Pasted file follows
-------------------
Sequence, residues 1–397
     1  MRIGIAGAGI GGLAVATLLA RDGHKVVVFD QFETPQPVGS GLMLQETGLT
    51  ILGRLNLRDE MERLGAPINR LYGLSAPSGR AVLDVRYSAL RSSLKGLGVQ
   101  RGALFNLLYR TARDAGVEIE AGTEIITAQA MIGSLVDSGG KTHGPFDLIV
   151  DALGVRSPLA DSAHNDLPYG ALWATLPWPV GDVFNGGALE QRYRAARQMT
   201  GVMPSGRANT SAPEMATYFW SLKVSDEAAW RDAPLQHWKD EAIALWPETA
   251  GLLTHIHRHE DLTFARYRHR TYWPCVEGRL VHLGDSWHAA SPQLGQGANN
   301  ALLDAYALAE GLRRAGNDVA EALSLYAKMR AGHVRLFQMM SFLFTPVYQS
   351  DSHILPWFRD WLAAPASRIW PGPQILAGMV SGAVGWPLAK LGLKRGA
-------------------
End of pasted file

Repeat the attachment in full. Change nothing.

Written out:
Sequence, residues 1–397
     1  MRIGIAGAGI GGLAVATLLA RDGHKVVVFD QFETPQPVGS GLMLQETGLT
    51  ILGRLNLRDE MERLGAPINR LYGLSAPSGR AVLDVRYSAL RSSLKGLGVQ
   101  RGALFNLLYR TARDAGVEIE AGTEIITAQA MIGSLVDSGG KTHGPFDLIV
   151  DALGVRSPLA DSAHNDLPYG ALWATLPWPV GDVFNGGALE QRYRAARQMT
   201  GVMPSGRANT SAPEMATYFW SLKVSDEAAW RDAPLQHWKD EAIALWPETA
   251  GLLTHIHRHE DLTFARYRHR TYWPCVEGRL VHLGDSWHAA SPQLGQGANN
   301  ALLDAYALAE GLRRAGNDVA EALSLYAKMR AGHVRLFQMM SFLFTPVYQS
   351  DSHILPWFRD WLAAPASRIW PGPQILAGMV SGAVGWPLAK LGLKRGA